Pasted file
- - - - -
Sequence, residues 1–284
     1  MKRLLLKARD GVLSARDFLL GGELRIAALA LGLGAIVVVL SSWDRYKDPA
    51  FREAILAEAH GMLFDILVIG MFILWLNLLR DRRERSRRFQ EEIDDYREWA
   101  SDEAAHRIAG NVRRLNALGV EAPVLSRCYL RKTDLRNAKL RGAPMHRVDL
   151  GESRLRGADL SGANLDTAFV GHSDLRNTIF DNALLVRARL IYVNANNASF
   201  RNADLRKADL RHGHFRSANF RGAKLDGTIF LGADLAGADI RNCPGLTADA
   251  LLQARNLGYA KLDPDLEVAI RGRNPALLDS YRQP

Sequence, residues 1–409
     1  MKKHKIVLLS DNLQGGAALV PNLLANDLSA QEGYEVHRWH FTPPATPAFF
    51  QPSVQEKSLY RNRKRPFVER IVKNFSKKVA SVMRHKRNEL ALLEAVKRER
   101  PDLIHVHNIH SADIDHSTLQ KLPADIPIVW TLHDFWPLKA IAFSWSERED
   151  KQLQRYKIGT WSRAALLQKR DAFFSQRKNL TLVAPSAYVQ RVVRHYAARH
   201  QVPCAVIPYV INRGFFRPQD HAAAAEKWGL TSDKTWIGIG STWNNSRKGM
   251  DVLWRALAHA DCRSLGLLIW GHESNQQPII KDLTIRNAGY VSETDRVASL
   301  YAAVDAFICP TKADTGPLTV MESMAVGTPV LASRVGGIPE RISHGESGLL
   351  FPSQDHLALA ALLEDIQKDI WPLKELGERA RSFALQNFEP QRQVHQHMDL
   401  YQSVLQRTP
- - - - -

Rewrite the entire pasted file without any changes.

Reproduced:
Sequence, residues 1–284
     1  MKRLLLKARD GVLSARDFLL GGELRIAALA LGLGAIVVVL SSWDRYKDPA
    51  FREAILAEAH GMLFDILVIG MFILWLNLLR DRRERSRRFQ EEIDDYREWA
   101  SDEAAHRIAG NVRRLNALGV EAPVLSRCYL RKTDLRNAKL RGAPMHRVDL
   151  GESRLRGADL SGANLDTAFV GHSDLRNTIF DNALLVRARL IYVNANNASF
   201  RNADLRKADL RHGHFRSANF RGAKLDGTIF LGADLAGADI RNCPGLTADA
   251  LLQARNLGYA KLDPDLEVAI RGRNPALLDS YRQP

Sequence, residues 1–409
     1  MKKHKIVLLS DNLQGGAALV PNLLANDLSA QEGYEVHRWH FTPPATPAFF
    51  QPSVQEKSLY RNRKRPFVER IVKNFSKKVA SVMRHKRNEL ALLEAVKRER
   101  PDLIHVHNIH SADIDHSTLQ KLPADIPIVW TLHDFWPLKA IAFSWSERED
   151  KQLQRYKIGT WSRAALLQKR DAFFSQRKNL TLVAPSAYVQ RVVRHYAARH
   201  QVPCAVIPYV INRGFFRPQD HAAAAEKWGL TSDKTWIGIG STWNNSRKGM
   251  DVLWRALAHA DCRSLGLLIW GHESNQQPII KDLTIRNAGY VSETDRVASL
   301  YAAVDAFICP TKADTGPLTV MESMAVGTPV LASRVGGIPE RISHGESGLL
   351  FPSQDHLALA ALLEDIQKDI WPLKELGERA RSFALQNFEP QRQVHQHMDL
   401  YQSVLQRTP